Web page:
Some self-powered hubs do not supply enough power to drive a 500 mA load on every port. For example, many seven port hubs have a 1 A power supply, when in fact seven ports could draw a maximum of 7 * 0.5 = 3.5 A, plus power for the hub itself. Designers assume the user will most likely connect many low-power devices and only one or two requiring a full 500 mA. On the other hand, the packaging for some self-powered hubs states explicitly how many of the ports can drive a 500 mA full load at once. For example, the packaging on a seven-port hub might claim to support a maximum of four full-load devices.

Power source[edit]

USB PD[edit]

Example how to calculate wattage consumption for a USB multiport hub with a USB PD port, and an HDMI port, connected to a smartphone and HDMI:

Input/output Wattage Hardware setup
Input +100 w 100 w wall charger, 100 w USB-C cable. USB Multiport adapter: 100 w USB-C PD port, integrated 100 w USB cable.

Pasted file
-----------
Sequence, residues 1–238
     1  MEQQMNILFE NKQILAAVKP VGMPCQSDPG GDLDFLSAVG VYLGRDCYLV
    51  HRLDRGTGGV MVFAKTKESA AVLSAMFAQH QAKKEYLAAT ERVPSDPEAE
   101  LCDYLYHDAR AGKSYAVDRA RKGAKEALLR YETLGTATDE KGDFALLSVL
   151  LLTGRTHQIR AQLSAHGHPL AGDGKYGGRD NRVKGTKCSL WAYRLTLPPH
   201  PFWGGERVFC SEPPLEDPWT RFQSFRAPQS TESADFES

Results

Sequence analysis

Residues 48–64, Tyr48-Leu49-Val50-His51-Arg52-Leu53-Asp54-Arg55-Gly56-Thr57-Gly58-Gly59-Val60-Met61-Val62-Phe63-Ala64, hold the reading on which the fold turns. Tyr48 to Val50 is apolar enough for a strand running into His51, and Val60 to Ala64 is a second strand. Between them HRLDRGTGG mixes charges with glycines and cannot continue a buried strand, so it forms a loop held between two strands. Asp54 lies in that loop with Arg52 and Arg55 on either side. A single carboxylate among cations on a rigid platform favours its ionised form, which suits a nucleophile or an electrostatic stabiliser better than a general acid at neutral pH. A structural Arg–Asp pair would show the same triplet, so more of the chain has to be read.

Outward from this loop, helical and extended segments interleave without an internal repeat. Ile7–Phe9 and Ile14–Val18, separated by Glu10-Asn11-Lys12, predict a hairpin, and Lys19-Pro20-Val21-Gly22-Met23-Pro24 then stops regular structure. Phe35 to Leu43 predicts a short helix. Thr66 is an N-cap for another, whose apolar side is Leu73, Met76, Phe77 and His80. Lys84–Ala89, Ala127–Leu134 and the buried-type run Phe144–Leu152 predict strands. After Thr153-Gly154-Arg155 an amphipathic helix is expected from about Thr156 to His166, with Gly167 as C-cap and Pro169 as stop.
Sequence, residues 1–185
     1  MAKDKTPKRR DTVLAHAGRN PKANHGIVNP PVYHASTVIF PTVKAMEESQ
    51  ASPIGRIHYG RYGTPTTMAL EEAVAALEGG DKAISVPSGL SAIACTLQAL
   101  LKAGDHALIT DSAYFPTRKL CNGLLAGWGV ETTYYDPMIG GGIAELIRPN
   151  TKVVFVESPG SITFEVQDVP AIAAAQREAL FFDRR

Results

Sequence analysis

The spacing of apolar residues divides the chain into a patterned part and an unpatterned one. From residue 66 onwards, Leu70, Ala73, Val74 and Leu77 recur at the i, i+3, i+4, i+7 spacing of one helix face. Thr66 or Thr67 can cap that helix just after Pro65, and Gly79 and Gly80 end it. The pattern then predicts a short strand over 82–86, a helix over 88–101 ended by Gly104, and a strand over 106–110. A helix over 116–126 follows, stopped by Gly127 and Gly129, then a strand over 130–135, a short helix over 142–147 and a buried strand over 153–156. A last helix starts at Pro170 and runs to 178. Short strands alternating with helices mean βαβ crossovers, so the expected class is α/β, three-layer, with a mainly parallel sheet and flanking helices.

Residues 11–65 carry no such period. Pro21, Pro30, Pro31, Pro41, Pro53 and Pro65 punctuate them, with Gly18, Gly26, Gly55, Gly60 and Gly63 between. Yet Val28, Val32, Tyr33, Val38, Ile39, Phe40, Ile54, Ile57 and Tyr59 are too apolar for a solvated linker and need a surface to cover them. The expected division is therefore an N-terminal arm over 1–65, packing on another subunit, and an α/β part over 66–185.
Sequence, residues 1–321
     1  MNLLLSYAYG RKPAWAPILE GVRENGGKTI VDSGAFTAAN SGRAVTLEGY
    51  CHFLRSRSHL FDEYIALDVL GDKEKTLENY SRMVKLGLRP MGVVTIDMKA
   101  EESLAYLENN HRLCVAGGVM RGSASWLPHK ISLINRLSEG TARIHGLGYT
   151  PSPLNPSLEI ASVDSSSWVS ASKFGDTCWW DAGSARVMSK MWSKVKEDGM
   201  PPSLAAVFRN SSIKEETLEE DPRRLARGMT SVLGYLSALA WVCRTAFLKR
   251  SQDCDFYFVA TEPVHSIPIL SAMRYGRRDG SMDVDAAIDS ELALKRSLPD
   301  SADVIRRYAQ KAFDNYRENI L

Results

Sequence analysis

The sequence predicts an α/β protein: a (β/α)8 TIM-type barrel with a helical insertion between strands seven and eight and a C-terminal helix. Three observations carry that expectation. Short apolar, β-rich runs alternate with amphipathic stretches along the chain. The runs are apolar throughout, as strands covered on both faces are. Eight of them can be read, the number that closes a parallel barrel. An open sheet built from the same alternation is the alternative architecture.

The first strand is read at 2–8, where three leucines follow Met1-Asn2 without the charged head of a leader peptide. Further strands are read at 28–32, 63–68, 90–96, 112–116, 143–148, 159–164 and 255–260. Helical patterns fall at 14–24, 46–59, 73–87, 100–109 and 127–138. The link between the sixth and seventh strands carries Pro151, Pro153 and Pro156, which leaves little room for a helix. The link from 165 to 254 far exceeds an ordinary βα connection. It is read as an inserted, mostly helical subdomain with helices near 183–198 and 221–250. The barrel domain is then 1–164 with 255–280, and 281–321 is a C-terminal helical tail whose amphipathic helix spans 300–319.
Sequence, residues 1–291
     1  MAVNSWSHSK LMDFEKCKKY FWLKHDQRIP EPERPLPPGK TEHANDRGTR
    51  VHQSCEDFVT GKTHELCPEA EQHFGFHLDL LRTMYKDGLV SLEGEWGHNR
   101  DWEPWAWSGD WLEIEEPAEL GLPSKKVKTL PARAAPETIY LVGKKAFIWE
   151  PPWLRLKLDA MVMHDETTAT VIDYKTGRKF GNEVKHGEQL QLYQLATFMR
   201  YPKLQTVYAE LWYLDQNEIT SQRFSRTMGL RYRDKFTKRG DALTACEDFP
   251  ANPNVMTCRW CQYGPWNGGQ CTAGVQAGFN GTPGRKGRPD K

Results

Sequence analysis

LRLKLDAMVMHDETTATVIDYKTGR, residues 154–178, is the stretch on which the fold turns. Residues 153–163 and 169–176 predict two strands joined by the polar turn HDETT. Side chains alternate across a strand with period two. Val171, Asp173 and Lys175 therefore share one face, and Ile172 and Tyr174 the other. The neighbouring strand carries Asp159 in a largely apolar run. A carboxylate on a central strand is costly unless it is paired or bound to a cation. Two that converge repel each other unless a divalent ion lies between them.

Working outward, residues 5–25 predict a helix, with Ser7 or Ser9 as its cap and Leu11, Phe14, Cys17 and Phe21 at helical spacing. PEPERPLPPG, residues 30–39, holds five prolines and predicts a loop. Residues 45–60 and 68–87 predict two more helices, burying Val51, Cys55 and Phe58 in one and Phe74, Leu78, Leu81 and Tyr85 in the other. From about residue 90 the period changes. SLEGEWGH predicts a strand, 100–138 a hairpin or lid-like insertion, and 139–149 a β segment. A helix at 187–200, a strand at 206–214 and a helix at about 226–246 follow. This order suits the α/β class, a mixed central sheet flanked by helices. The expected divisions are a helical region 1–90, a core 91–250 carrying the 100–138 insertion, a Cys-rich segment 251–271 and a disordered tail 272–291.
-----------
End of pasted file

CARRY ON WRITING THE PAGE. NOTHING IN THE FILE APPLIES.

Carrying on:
Output -30 w Smartphone charging: The USB Multiport adapter integrated 100 w USB cable connected to the phone, and the USB-C cable connected to the USB multiport hub PD port, and the wall charger.
Output -1.5 w 8k HDMI cable connected: USB multiport adapter, and TV.
Remaining available wattage 58.5 w
Electrical plug[edit]
This self-powered USB hub gets power from a wall electrical plug.

Bus-powered hub (passive hub)[edit]

A 4-port USB hub that is bus-powered.

A bus-powered hub draws all its power from the host computer's USB interface. It does not need a separate power connection. However, many devices require more power than this method can provide and will not work in this type of hub. It may be desirable to use a bus-powered hub with self-powered external hard-disks, as the hard-disk may not spin down when the computer turns off or enters sleep mode while using a self-powered hub since the hard disk controller would continue to see a power source on the USB ports.

All USB ports operate at 5 volts, but may draw or supply differing amounts of electric current.